OECD asks ''How's Life?" in Latvia

Take note – story published 3 years ago

The Organization for Economic Cooperation and Development (OECD) released its latest How’s Life? report March 9, which says household disposable income per capita has risen in more than half of OECD countries since 2010.

Latvia has been an OECD member since July 2016.

Employment rates are up by nearly 5 percentage points on average for people aged 25-64 (today, almost eight in ten adults are in paid employment), and fewer people are working very long hours.




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Life expectancy has lengthened in most countries since 2010 while the number of households living in overcrowded conditions has fallen. Murder rates are down by around one quarter since 2010 and people generally feel safer on the streets. Recent surveys also suggest people in more than one-third of OECD countries are more satisfied with their lives, relative to how they felt in 2013.

Although two-thirds of people in OECD countries continue to be exposed to dangerous levels of pollution, air quality is improving.

But the report’s extensive data shows that not all aspects of well-being have improved, and that Latvia has considerabale scope for improvement in some of the data sets. The full summary for Latvia (data applicable for 2018) is attached to this story in PDF form.

10 percent of the population reports ''low life satisfaction'' and 9 percent say they have no friends of family to turn to in times of need. As for social interactions per week, there was simply no data available for Latvia.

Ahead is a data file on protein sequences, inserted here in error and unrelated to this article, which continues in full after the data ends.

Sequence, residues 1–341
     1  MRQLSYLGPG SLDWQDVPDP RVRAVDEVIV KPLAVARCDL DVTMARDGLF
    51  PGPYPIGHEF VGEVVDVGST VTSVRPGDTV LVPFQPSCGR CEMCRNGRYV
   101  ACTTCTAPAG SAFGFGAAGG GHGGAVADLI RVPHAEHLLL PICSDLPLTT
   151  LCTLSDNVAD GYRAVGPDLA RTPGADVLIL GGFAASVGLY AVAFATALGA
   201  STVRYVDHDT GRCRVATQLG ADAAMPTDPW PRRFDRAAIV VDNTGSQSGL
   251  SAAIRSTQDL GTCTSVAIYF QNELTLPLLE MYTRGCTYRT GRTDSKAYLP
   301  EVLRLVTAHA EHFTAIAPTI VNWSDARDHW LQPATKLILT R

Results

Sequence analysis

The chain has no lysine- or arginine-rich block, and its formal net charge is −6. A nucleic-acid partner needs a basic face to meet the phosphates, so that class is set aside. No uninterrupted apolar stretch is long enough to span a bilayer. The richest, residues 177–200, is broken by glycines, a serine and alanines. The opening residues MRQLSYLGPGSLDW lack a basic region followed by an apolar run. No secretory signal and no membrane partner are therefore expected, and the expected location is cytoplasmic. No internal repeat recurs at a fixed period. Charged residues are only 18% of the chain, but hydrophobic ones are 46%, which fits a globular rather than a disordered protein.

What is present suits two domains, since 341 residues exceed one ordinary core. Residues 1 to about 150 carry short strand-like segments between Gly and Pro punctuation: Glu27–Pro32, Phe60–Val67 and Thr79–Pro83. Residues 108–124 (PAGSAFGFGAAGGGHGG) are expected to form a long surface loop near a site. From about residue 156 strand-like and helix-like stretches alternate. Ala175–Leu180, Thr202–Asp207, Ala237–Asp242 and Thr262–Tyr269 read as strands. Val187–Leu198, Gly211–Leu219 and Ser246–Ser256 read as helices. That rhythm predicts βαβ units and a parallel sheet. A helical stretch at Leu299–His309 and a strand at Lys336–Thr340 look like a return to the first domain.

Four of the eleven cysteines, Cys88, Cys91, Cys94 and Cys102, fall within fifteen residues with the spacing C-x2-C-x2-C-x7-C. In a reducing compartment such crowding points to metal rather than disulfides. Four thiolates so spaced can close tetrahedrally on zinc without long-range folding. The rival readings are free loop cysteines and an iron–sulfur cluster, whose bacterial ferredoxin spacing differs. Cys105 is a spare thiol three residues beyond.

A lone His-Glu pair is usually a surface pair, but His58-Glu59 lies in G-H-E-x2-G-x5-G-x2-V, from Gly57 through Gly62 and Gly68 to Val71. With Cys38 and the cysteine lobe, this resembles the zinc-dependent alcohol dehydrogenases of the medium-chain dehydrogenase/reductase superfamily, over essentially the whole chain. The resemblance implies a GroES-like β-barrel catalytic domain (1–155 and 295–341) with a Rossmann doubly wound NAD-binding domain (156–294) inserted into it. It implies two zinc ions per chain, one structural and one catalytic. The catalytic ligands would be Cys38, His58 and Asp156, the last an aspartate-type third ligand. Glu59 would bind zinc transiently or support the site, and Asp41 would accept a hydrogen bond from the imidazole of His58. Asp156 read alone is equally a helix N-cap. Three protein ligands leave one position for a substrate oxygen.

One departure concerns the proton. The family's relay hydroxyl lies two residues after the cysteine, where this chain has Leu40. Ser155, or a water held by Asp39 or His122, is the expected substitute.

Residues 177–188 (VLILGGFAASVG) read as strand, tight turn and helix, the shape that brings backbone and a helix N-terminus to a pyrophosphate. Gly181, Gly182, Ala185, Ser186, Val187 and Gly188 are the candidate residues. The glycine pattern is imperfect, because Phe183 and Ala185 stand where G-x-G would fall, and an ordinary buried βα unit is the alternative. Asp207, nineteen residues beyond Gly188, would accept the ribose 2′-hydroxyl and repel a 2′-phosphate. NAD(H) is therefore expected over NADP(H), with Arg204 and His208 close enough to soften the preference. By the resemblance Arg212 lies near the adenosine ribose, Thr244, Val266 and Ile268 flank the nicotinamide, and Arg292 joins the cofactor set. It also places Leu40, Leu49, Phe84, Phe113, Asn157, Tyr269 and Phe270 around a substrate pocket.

Inequality is also quite pronounced with the wealthiest 10 percent of the population owning 63 percent of the wealth - the fourth highest ratio in the OECD after the USA, the Netherlands and Denmark. 

Top 10 percent wealth
Top 10 percent wealth

Presenting the report today in Paris, OECD Secretary-General Angel Gurría said:

“The gains that we have seen in well-being are a source of optimism, but they are uneven within and across countries and are still at risk, notably in view of the environmental developments. The coronavirus epidemic that is now spreading to so many countries is also affecting not only our health, but also our social lives. With the economic impacts already beginning to take hold, it will also affect people’s incomes and livelihoods. This is especially true for those in precarious jobs with few safety nets to catch them in the event that they cannot go to work.”

“Governments need to take action to protect the most vulnerable – both in terms of their health, but also in terms of financial vulnerability.  To secure future well-being, there is no alternative but to build up long-term protections and preparedness against risks,” said Gurria.



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